Relational continuity is the relationship between the patient and care team within the context of therapeutic interventions. There is a mutual trust between the two parties (Haggerty et al., 2003). On the other hand, managerial continuity of care refers to the use of guidelines and protocols to provide assurance in treatment provided by the providers in a system that has a well-connected, complimentary, timely and orderly manner of doing things.

This study used the Holland and Harris Model to focus on hospital setting. In particular, the data used was obtained from nursing records taken during the patient’s process and history of admission in HER nursing used to support discharge planning in NCM referral. The study was interested in the first 24 to 72 hours from the initial admission of the patient in the facility.

Analysis of Donabedian model

The Donabedian Model is conceptual in nature and seeks to provide a good framework through which healthcare settings can examine their services and evaluate quality of care. The model requires information about quality of care to come from three areas- structure, process and outcomes. Accordingly, each category has its meaning within the framework.

First, ‘structures’ refer to the context in which the healthcare is provided, including the staff, equipment, buildings and financial sources. Secondly, processes are the relationships between providers and clients. The outcomes refer to the impact of healthcare delivery on patients and the general population.

A number of other frameworks are in existence. For instance, Bamako Initiative and the WHO-Recommended Quality of Care Framework are effective. However, the Donabedian Model is the dominant method for assessing healthcare quality.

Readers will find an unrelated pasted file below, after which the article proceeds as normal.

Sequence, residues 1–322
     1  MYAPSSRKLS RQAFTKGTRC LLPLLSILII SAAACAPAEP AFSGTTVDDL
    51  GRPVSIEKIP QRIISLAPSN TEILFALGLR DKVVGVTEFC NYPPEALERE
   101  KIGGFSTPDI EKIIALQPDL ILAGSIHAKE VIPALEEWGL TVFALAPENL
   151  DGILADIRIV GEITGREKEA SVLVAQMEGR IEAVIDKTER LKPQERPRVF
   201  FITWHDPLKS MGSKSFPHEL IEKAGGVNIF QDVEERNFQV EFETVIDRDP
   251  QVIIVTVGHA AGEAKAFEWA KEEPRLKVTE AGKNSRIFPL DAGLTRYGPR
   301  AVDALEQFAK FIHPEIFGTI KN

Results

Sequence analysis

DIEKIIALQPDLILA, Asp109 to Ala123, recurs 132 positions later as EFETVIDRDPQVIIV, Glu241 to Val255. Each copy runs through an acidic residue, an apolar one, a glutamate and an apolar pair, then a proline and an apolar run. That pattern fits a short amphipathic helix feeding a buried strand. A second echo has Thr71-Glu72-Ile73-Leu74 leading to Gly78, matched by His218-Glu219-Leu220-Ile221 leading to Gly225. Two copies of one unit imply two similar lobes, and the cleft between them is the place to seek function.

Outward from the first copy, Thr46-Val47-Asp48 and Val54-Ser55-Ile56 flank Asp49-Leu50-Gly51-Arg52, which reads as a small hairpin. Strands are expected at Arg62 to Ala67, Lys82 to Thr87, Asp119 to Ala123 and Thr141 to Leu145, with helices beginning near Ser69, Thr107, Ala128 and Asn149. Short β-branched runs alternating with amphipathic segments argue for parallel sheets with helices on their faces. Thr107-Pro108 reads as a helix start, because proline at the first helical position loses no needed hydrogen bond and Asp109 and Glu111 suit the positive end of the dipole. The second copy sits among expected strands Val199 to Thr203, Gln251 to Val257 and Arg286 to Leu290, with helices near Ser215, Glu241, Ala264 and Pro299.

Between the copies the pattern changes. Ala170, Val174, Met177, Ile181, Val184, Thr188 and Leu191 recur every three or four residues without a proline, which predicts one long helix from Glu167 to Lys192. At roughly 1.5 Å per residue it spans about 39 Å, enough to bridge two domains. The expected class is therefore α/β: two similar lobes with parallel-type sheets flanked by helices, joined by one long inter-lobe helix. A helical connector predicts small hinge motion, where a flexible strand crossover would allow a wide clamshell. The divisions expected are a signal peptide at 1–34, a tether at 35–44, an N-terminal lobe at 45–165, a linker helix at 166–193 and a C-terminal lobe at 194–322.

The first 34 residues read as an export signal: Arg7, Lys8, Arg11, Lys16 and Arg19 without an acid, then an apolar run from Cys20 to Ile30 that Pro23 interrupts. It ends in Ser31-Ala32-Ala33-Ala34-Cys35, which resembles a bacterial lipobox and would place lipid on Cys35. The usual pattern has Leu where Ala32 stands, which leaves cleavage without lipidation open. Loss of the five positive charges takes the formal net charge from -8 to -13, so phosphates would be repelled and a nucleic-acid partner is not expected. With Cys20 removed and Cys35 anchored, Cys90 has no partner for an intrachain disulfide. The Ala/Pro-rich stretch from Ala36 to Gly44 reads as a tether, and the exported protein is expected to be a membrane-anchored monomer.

A chain of three boxes is used to represent the model in theory. Each box represents each of the three elements of healthcare- structure, process and outcomes. Unidirectional arrows connecting the boxes are used to describe how the assessment process moves within the system. In addition, the boxes represent the type of information collectable from each of the three areas of quality healthcare system.


The structure box shows the factors that have an influence on the context of healthcare delivery. These factors control the process and manner of providing healthcare, including the actions and behaviours of the personnel involved. They are the measures of the average quality of care given in the healthcare system of a given facility.


Processes box represents the activities involved. For instance, it includes such activities as diagnosis, medication, treatment, patient education and preventive care. In some cases, the process box may also be used to show the actions taken by patients and their families with an aim of improving the outcomes. These processes can also be classified into other categories such as technical and interpersonal processes. According to the model, measurement of the process is equal to the measurement of quality of care because the processes box contains all the activities of healthcare system.


The outcomes box contains all the resultants of the healthcare system. It must include all the effects and impacts of delivery on the patients. Such effects include changes on behaviour, health status, knowledge and satisfaction.

Researchers must use a large sample population and a long follow-up period in studying these aspects. This is difficult because outcomes take a long time to show evidence of success or failure.

It is worth noting that the model lacks a specific definition of quality care. It also shows that each of the three elements of healthcare has advantages and disadvantages that make it necessary for researchers to evaluate the connections between them.


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Soderhamn, O. (2000). Reliability and validity of a Swedish version of Kogan’s old people scale. Scandinavian Journal of Caring Sciences, 14(4), 211-215.